Thailandâ€™s most recent general election took place in July 2011 and swept the populist Puea Thai Party to a majority of 265 seats in the 500-member parliament. Yingluck Shinawatra, sister of the controversial ex-prime minister Thaksin Shinawatra, became Thailandâ€™s first female prime minister. Although the elections were free and fair for the most part, some instances of vote buying, smearing of rival candidates, and threatening of law enforcement agencies were reported. In theory, the Thai Constitution provides for universal suffrage. In practice, however, there are exceptions. Buddhist monks, for example, cannot cast a ballot. Members of certain ethnic minorities, such as the hill-tribes in northern Thailand, are also deprived of their right to vote as they are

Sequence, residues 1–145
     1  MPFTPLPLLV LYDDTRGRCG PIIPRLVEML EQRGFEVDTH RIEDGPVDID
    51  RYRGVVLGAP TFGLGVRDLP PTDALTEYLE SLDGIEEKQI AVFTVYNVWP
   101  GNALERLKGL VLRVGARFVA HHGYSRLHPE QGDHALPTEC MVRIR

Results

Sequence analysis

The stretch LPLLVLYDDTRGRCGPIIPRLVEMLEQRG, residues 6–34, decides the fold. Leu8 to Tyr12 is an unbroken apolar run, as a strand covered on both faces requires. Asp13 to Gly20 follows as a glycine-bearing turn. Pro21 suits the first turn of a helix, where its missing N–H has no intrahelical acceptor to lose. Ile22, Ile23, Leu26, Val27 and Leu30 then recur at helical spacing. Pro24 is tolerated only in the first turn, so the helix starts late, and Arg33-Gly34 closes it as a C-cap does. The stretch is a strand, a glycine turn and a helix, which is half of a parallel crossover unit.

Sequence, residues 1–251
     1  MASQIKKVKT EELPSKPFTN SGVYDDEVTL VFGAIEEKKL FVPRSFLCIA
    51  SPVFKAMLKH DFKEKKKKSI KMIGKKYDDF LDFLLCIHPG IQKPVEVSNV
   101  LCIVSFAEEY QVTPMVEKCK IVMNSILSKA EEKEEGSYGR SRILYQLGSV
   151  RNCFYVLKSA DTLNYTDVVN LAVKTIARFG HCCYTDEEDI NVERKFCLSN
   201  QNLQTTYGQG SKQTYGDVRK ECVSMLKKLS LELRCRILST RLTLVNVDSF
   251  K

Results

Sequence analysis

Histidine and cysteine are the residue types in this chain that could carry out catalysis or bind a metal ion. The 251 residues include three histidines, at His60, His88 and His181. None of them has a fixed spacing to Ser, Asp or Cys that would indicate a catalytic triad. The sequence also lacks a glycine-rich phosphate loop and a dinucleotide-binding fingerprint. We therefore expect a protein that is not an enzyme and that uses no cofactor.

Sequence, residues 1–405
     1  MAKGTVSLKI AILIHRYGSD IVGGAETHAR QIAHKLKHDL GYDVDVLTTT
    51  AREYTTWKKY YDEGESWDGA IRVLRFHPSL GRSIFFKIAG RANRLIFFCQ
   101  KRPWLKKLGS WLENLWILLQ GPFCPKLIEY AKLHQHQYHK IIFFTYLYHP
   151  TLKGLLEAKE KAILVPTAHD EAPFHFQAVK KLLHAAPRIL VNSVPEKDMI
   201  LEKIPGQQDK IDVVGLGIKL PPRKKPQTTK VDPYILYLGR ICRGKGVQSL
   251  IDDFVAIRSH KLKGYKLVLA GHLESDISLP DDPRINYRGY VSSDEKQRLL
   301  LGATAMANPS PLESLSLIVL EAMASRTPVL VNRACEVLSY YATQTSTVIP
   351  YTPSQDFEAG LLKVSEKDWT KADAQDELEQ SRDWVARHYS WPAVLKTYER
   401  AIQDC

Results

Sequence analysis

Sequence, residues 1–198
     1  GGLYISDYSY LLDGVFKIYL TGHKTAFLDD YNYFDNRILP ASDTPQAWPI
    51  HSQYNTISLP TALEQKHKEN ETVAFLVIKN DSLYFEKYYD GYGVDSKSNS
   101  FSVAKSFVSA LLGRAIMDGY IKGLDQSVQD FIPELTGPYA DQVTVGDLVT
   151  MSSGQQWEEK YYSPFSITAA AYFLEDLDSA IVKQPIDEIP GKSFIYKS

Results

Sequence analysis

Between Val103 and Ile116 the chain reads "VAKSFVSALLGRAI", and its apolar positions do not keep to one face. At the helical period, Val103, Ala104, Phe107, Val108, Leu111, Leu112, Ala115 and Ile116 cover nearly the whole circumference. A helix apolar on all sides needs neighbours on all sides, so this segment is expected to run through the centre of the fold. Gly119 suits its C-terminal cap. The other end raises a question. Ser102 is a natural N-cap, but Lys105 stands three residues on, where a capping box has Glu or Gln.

not acknowledged as Thai citizens. In addition, the 2007 Constitution introduced the undemocratic provision of an only half-elected Senate, with the other half of which to be appointed by a special committee. The right to stand for election is also constrained. With some exceptions, only citizens with a bachelorâ€™s degree or higher may contest an election, which effectively excludes about 95% of the population from running for political office. Political pluralism and participation in Thailand are largely unrestricted. A host of NGOs address the interests of various groups including farmers, women, students and workers. However, reports suggest that NGOs working on sensitive political subjects are not free from harassment.